Note that I started out this day with a 1.4x extender behind the 600mm lens, but quickly determined that the heat waves were too strong and sharp results were not possible at this magnification. Even at 600mm, many of my distant images were not tack-sharp until after the sun went low enough in the sky to end the heat source creating the air disturbance. So, yes, it is very possible to have too much focal length even if that focal length is more ideal for the scene as the additional magnification may be wasted.
The shutter speed required for sharp birds depends on how fast their details are moving across the pixels on the sensor. A large-in-the-frame bird moving at high speed across an ultra-high resolution imaging sensor requires a much faster shutter speed than a small-in-the-frame bird sitting on the lake does when using a lower resolution camera. Aperture and ISO settings are then balanced for depth of field and noise with the desired brightness being the other side of the equation. In regards to brightness, use care to not blow the white highlights on the birds, leaving no details in the white. If the birds were flying, I was mostly using a 1/1600 shutter speed and an aperture of f/8 or narrower was usually best to keep more birds in focus. Once the light faded, I began experimenting with much longer shutter speeds for a panning motion blur effect.
Bryan's Law of Bird Photography: The frame in a high speed burst containing the perfect wing position, head position, background alignment and lighting will time perfectly with the bird's blink.
When photographing birds, using the camera's high speed burst mode is often the rule. Especially with multiple birds in the frame, having many images to select from is going to be a big advantage for many of the above reasons.
I usually use only one specific AF point or one point plus the surrounding points. But, when a huge flock of geese is filling the frame, using the all-points-active can work very well, allowing you to concentrate on composition while the camera figures out which of the closest birds should be focused on.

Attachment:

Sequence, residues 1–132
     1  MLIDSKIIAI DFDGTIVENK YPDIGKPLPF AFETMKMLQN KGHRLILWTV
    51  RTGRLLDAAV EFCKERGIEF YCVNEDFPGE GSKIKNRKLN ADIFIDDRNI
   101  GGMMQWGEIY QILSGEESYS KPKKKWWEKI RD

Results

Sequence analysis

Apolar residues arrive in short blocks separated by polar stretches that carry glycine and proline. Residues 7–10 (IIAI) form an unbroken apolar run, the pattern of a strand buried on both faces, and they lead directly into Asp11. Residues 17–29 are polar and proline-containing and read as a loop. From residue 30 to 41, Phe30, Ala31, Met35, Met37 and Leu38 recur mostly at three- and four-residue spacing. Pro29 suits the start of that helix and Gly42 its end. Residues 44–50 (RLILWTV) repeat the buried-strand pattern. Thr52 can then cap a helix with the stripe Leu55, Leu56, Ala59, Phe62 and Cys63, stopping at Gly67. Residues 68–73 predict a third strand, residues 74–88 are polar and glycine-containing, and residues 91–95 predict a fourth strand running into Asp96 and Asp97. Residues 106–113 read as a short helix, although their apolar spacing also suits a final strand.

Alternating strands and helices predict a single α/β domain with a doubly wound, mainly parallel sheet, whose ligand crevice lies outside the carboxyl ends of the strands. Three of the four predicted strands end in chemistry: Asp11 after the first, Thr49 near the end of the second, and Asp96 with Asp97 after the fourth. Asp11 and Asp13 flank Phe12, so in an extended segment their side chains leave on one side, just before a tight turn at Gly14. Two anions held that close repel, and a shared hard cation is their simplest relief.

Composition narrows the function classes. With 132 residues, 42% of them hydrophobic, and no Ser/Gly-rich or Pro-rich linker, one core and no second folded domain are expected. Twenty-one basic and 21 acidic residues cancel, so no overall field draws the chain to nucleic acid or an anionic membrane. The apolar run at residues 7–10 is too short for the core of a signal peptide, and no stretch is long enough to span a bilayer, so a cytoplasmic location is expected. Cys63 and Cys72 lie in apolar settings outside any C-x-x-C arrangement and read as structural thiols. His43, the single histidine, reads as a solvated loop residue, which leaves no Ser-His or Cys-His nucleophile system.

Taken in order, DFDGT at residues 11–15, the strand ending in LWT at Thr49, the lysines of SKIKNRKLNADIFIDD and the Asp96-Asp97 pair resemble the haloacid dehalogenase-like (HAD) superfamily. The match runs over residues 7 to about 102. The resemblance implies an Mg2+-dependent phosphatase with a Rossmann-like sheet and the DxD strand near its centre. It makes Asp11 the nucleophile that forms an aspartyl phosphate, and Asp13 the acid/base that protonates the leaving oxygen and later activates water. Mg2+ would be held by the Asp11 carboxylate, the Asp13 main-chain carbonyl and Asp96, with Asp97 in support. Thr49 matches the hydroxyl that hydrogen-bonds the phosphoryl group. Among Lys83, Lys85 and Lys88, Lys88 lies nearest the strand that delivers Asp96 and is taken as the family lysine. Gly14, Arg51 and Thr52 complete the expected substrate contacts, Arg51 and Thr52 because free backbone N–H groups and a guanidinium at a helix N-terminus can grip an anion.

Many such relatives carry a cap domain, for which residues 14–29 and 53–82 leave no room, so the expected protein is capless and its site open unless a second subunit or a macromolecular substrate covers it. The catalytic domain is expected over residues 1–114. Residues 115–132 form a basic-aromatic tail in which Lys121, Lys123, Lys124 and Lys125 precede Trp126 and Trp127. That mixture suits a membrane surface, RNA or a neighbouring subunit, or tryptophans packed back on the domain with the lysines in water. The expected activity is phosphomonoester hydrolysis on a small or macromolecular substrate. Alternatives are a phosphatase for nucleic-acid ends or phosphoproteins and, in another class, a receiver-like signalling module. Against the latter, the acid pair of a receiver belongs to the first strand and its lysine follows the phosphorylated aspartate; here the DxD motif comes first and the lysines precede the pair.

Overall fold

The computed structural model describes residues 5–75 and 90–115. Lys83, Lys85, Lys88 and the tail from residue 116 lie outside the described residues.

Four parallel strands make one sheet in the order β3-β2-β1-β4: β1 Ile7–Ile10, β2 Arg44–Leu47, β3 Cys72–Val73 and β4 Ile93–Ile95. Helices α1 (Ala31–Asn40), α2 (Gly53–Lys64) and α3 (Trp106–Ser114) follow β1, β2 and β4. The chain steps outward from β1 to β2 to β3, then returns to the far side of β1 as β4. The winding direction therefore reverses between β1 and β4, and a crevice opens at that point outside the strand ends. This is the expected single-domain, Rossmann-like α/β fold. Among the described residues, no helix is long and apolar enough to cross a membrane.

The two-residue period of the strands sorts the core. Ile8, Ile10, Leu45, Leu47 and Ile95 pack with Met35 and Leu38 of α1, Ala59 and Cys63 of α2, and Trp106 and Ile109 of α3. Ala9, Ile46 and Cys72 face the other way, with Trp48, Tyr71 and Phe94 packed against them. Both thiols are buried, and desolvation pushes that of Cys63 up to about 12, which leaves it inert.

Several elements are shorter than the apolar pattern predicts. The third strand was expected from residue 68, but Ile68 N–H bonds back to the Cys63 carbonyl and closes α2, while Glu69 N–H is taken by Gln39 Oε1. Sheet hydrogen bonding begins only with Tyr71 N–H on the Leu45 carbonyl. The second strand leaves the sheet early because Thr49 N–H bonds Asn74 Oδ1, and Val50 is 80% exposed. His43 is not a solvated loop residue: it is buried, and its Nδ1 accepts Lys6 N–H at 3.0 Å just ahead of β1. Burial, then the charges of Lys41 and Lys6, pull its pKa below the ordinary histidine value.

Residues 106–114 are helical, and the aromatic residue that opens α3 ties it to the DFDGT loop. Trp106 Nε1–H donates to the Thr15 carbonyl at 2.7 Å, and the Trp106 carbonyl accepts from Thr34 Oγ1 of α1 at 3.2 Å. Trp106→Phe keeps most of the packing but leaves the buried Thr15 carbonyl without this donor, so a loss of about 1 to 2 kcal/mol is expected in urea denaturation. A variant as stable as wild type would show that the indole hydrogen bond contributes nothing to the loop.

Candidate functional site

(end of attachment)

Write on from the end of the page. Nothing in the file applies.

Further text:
Composition always matters and usually, the goal is a balanced composition. When such a huge flock of birds is flying, you need to figure out what a balanced composition is very quickly and see that in the frame no later than as it happens. The bottom line is that, unless you are shooting for someone else, if you are happy with the image, you nailed it. But, we are always trying to improve our skills and there are some composition variants that work well for the snow geese storm.
If the goose density is extremely heavy, just fill the frame with the geese and shoot away. Singling out specific birds is very challenging if they are not large in the frame and you are unlikely to notice the background through all of the geese. The huge quantity of birds essentially becomes a pattern and everyone likes pattern images, right?
If possible, determine which direction (in relation to the camera) the birds are flying and focus on your preference. I prefer an approaching side view, but all of the other directions have their own photogenic advantages, showing differing views of the geese bodies. If a large flock is flying within a location, such as over a lake, they may fly in a circular motion and you may sometimes have a choice. So, be ready to identify what you are looking for.
If the birds are not dense enough to hide the background, the background showing through must be considered in the composition. If the background is mostly a solid color, such as the side of a mountain, there may not be much concern in that regard. The background will be evenly colored and that often works well for flock backgrounds. It is hard to go wrong with a blue sky background for the white birds and images with birds flying against a sunset sky often look great.
Contrast draws the viewer's eye. If the background includes strong lines of contrast, such as where the land and sky meet or a waterline (often present where there are waterfowl), it is good to carefully position these lines in the frame. Use your landscape photography skills here – perhaps taking advantage of the rule of thirds.
When sitting or swimming snow geese flocks take off, they often peel away from one side of the flock in a surprisingly orderly fashion. The line between the stationary and flying birds can be incorporated into the composition.